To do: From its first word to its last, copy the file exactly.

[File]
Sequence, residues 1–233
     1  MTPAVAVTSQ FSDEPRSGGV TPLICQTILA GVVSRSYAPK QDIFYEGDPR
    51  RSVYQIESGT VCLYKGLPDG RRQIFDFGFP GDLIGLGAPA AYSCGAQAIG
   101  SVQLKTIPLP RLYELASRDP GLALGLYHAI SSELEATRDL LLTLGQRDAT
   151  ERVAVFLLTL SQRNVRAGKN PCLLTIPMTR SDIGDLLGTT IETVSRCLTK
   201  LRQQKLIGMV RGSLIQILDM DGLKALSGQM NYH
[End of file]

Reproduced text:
Sequence, residues 1–233
     1  MTPAVAVTSQ FSDEPRSGGV TPLICQTILA GVVSRSYAPK QDIFYEGDPR
    51  RSVYQIESGT VCLYKGLPDG RRQIFDFGFP GDLIGLGAPA AYSCGAQAIG
   101  SVQLKTIPLP RLYELASRDP GLALGLYHAI SSELEATRDL LLTLGQRDAT
   151  ERVAVFLLTL SQRNVRAGKN PCLLTIPMTR SDIGDLLGTT IETVSRCLTK
   201  LRQQKLIGMV RGSLIQILDM DGLKALSGQM NYH